Block on Trump's Asylum Ban Upheld by Supreme Court
Officer, anything you do will be recorded and can be used against you in the court of public opinion.
It all started with the video of Rodney King being beaten by police. In the years since then, almost every man, woman, and even child has come to have a camera on their phone with which to record the police's actions on the street. While police may not be happy about being recorded, it's your right to do so. Unsurprisingly, some people have reported police trying to delete videos from their phones or destroying the phones altogether.
But there might be a new way to protect your videos from police interference; use the ACLU's new apps.
Right to Record The Police
The police have no expectation of privacy in public places while doing their official duties. You have the right to record the police's actions in any public place.
However, this right is not absolute. You cannot interfere with police operations to record your video. If the police tell you to step back from a crime scene, you must do so. You also cannot trespass onto another person's property to record the police.
As long as you are in a public place, and not interfering with the police's actions, most courts have held that you have right to record the police.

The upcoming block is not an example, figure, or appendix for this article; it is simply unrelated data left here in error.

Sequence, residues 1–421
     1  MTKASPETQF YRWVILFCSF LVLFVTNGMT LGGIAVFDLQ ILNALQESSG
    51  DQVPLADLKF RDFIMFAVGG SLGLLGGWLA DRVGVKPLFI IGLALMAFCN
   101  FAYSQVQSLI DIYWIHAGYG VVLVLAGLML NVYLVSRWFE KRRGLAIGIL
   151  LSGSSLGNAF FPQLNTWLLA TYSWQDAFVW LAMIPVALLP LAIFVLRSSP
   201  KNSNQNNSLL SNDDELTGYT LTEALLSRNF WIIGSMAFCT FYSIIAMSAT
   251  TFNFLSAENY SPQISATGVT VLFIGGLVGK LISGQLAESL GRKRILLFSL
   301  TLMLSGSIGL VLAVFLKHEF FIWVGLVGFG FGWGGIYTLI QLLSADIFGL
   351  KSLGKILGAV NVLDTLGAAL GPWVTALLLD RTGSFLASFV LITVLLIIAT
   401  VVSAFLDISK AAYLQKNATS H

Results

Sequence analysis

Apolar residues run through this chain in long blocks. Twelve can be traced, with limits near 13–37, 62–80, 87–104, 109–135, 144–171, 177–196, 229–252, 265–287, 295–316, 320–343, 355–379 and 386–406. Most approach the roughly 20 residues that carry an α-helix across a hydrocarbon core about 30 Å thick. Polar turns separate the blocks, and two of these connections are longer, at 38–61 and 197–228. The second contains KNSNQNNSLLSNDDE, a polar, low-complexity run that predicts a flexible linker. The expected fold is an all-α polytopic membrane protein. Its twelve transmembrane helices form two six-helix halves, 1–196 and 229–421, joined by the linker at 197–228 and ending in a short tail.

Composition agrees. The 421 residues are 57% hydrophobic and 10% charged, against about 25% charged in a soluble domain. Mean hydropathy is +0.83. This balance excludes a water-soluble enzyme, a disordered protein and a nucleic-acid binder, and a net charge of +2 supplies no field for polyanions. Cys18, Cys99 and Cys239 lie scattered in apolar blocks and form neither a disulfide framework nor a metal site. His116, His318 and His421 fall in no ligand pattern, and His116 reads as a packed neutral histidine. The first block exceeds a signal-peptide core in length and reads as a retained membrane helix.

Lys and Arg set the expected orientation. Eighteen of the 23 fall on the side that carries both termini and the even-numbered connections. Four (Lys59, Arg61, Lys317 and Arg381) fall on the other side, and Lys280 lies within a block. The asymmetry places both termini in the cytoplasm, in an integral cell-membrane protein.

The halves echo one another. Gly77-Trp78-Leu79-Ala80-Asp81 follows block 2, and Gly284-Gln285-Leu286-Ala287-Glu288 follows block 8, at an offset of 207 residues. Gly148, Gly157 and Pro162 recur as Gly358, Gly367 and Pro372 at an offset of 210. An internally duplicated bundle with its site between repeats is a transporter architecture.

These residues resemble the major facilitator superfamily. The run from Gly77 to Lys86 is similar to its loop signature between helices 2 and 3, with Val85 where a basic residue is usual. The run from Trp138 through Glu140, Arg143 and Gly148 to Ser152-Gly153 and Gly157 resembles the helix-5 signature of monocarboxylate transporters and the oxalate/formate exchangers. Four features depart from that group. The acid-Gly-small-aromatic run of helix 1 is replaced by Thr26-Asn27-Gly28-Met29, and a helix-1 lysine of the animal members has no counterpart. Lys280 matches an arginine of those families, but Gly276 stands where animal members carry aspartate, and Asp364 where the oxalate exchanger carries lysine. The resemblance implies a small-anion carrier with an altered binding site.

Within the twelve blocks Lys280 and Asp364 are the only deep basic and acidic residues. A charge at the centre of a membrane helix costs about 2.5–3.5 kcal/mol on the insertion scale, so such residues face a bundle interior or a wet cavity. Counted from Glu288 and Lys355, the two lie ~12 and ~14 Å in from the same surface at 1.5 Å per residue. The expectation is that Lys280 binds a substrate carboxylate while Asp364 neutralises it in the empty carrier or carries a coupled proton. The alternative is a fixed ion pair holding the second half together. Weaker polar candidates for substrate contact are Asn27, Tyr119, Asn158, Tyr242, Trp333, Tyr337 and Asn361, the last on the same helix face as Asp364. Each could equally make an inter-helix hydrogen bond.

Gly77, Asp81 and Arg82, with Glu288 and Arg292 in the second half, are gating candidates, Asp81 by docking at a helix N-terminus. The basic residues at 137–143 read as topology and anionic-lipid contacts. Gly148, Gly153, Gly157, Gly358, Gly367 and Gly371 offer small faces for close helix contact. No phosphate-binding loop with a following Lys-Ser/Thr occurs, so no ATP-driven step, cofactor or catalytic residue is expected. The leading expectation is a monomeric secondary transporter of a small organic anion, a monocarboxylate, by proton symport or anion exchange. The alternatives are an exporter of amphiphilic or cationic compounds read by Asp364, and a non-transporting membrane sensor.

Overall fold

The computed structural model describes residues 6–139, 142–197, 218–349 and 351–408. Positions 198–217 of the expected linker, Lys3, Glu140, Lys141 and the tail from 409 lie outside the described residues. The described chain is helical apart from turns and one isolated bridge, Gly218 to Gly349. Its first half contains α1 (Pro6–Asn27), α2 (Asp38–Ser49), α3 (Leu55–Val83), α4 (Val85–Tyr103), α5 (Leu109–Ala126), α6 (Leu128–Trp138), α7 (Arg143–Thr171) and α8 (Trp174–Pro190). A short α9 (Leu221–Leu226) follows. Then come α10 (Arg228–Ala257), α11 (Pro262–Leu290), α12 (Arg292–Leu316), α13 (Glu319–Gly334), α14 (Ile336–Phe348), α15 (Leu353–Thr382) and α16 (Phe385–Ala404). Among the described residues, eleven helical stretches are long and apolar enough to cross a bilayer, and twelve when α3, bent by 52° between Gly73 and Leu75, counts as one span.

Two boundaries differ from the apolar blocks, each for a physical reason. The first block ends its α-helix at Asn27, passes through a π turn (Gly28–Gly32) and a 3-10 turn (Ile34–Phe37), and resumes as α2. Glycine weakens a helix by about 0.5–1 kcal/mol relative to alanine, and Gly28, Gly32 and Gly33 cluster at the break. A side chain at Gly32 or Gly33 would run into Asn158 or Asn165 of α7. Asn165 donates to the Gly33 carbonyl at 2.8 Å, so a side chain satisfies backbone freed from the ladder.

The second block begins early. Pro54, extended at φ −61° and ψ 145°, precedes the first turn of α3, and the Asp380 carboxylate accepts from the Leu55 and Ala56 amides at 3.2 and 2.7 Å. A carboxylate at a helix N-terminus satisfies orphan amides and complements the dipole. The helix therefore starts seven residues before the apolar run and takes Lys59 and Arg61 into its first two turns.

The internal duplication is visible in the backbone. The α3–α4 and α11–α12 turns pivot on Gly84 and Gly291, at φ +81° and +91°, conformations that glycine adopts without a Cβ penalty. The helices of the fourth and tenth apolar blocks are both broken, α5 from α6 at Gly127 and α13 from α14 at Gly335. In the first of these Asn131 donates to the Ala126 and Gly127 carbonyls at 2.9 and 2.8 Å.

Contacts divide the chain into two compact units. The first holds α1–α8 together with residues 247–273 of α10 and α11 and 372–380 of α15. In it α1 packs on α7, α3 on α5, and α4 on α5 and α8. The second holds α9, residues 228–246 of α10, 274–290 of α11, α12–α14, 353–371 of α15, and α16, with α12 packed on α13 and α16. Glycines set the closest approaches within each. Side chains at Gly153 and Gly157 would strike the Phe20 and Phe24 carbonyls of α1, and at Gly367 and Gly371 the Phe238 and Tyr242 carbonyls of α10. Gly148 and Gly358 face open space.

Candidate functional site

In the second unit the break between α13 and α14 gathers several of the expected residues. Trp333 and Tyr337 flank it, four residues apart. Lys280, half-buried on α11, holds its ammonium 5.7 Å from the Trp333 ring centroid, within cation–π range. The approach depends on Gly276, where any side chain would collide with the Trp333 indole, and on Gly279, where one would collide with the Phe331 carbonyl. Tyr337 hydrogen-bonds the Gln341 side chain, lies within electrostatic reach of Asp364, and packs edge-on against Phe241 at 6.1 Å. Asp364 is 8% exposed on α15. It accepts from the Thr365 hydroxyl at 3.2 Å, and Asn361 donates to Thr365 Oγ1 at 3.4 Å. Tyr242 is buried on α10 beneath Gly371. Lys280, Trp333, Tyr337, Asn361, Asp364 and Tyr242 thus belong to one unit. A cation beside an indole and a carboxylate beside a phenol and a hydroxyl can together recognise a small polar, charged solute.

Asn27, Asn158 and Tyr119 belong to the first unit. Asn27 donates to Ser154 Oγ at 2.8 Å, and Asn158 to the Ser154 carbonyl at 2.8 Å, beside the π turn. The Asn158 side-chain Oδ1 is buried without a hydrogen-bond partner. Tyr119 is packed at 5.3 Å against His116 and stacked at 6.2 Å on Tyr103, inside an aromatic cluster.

Police Recording Apps
While police do not have the right to search your cell phone without a warrant or delete your videos, it does happen.
To remedy this, several ACLU chapters have created apps that protect citizen recorded police videos from tampering and destruction.
This week the California ACLU chapter introduced Mobile Justice CA. This app uploads user videos to the ACLU's secure server right after the recording is made. Even if police attempt to confiscate your phone or make you delete your video, the video will already be preserved by the ACLU.
Other ACLU chapters may have their own Mobile Justice app, so check with your local ACLU chapter's website to download the local app. CopWatch is a similar app by the Toronto-based activist group Network for the Elimination of Police Violence.
Some critics of these apps argue that while the police may not have a right to privacy, the recordings may violate the privacy rights of the people interacting with the police. Peter Bibring, of the ACLU of Southern California, argues that the First Amendment right to film the police outweighs an individual's privacy concerns.
If you think the police have improperly searched your phone or destroyed your video, talk to a criminal defense attorney as soon as possible to protect your rights.